From Cleveland Plain Dealer…
Panel charged with suggesting Ohio budget solutions concludes in disagreement
By Aaron Marshall, The Plain Dealer
Friday, December 17, 2010, 7:00 AM
COLUMBUS, Ohio - A state study panel launched to bring bipartisan answers to the state's budget crisis has ended in disagreement and disarray, with Republicans and Democrats each turning in separate sets of recommendations this week.
Marred by partisan bickering from jump street over the scope of the work as well as when to start, the panel took almost a year to begin meeting and then held only four sessions. The dueling reports -- which were released almost two weeks late -- showed much different approaches from Republicans and Democrats on how to tackle a projected $8 billion shortfall in the next budget, but didn't break much new ground.
In their report, Republicans were adamant that taxes cannot be raised to help fill the hole, a position held by Governor-elect John Kasich as well as House Speaker William G. Batchelder, who have both signed "no new taxes" pledges. They pushed privatization efforts, oil drilling on state parkland, collective bargaining reform and continuation of state furlough days for state employees. They also suggested that Ohio change Medicaid eligibility rules to cut the rolls.
Democrats were silent on the tax issue and favored preserving state programs by turning to Congress for additional assistance in Medicaid and unemployment compensation fund debt, as well as changing the definition of an "independent contractor."
Democrats have claimed that improperly classifying employees as independent contractors when they really are employees costs the state as much as $223 million in foregone tax revenue and as much as $510 million in unpaid Bureau of Workers' Compensation premiums. Those costs, based on a 2009 Ohio Attorney General's office report, are incurred because those employing independent contractors don't pay BWC premiums, unemployment compensation taxes and don't take out state income taxes.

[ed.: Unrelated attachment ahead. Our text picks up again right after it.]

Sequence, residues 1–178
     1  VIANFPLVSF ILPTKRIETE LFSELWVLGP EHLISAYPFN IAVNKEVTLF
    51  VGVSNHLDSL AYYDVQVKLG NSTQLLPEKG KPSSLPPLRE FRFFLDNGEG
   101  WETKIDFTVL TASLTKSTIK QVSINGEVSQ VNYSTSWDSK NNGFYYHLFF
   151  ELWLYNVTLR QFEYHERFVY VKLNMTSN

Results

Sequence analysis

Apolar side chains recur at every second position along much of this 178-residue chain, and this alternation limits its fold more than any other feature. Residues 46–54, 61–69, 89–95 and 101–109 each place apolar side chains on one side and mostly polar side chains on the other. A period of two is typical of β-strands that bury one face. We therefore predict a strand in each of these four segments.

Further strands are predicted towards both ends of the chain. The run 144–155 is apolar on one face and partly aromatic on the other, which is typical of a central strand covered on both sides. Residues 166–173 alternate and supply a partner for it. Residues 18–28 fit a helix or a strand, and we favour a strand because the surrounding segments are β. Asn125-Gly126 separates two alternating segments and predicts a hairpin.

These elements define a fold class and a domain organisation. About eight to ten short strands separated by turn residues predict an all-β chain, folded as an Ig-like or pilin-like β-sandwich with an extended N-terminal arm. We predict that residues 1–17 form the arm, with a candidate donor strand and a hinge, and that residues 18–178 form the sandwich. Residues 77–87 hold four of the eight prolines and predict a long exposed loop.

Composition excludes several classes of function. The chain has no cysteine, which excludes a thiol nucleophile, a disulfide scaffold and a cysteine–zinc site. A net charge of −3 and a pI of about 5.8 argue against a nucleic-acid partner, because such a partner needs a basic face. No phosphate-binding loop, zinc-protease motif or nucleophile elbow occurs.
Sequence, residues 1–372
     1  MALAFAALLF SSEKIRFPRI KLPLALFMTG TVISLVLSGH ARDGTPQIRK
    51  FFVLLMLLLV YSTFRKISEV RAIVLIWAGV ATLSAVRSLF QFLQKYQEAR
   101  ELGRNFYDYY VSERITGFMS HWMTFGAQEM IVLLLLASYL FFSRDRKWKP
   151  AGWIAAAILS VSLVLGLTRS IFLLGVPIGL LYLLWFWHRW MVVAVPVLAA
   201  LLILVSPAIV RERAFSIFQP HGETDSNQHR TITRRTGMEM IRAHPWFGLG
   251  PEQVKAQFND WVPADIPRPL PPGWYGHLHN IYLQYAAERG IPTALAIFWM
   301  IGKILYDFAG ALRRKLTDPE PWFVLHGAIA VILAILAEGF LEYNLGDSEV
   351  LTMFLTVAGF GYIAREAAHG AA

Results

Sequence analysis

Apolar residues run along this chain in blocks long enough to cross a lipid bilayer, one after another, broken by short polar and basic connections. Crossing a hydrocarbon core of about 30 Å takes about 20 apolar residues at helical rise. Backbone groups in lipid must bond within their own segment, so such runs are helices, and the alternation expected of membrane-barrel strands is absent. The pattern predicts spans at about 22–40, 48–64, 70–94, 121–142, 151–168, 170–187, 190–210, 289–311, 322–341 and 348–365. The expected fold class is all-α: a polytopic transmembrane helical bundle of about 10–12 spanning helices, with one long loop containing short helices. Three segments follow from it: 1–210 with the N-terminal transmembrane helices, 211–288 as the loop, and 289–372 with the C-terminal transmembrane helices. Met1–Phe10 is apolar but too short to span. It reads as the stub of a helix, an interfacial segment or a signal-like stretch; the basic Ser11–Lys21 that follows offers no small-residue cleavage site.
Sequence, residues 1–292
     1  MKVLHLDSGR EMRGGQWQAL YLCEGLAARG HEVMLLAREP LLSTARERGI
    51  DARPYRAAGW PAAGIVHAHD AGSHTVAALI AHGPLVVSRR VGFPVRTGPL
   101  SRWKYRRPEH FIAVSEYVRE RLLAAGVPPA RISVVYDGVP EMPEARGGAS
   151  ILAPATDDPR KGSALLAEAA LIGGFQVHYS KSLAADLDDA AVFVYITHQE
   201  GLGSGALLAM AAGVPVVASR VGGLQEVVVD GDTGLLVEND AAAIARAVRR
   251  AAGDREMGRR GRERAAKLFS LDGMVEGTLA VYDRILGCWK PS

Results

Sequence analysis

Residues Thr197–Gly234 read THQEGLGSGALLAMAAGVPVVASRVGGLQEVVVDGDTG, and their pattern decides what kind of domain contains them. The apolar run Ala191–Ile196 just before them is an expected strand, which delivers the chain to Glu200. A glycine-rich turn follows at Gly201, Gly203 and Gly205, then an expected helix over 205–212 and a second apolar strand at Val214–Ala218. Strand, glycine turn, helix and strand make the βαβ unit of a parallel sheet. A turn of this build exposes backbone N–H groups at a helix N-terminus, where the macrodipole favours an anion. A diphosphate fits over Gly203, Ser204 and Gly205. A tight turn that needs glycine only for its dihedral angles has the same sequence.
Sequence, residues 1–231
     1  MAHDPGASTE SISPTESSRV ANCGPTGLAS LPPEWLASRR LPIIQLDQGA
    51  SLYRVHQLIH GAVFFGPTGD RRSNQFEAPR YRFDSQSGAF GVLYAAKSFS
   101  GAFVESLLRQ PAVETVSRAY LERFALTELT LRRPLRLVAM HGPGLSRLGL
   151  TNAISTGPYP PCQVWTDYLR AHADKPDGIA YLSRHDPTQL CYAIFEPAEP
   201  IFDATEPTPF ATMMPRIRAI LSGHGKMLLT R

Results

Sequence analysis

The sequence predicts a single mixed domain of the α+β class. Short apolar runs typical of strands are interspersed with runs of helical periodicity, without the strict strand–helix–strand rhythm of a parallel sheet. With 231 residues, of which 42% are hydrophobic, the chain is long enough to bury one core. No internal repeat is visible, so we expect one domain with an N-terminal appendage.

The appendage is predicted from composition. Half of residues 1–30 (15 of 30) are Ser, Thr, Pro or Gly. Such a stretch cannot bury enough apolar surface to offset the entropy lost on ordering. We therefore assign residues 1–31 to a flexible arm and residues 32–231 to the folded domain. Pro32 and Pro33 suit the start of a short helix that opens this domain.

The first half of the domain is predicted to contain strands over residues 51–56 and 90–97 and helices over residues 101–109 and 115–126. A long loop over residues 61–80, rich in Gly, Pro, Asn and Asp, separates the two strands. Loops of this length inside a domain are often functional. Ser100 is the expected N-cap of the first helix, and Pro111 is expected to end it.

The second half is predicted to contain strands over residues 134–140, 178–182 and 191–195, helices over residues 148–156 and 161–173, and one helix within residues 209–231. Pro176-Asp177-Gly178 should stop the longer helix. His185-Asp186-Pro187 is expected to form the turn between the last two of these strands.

Some of the Republican recommendations will likely be implemented by the GOP-controlled legislature next year. The reports also could serve as an outline of the prickly policy debates likely to dominate next year's state budget discussion.
Rep. Vernon Sykes, an Akron Democrat and panel co-chair, said that political differences among panel members that hobbled the committee are a preview of what's coming next year when the pressure of actually balancing the budget raises the stakes.
"I think that's going to cause a little friction in trying to resolve the differences we have," he said. "It's going to be a very difficult process next year and in order to improve our fiscal climate, we're going to have to make some changes."
Sykes said one of the most important components of the reports is sentencing reform that both sides mention as worthy of consideration. The reforms would move some Ohio prisoners serving shorter sentences out of jail, saving the state money.
"It's something that we have been trying to encourage during this General Assembly, but it's been a very difficult thing to do in the political climate we have," he said.
State Sen. Shannon Jones, a Springfield Republican who was a panel co-chair, acknowledged that the budget study committee fell short of her hopes. She said, in retrospect, that perhaps her hopes were too high for an election-year panel tackling thorny budget issues.
"My goal was to have robust and vigorous discussion of all of the options on the table to transform state government," she said. "I don't know why it didn't end up being that way. Perhaps I didn't have the proper expectations for it."
Jones said she was most excited about a Republican proposal to review and reform Ohio's 27-year-old collective bargaining law to give governments more flexibility in personnel expenses as well as promotion and retention of employees.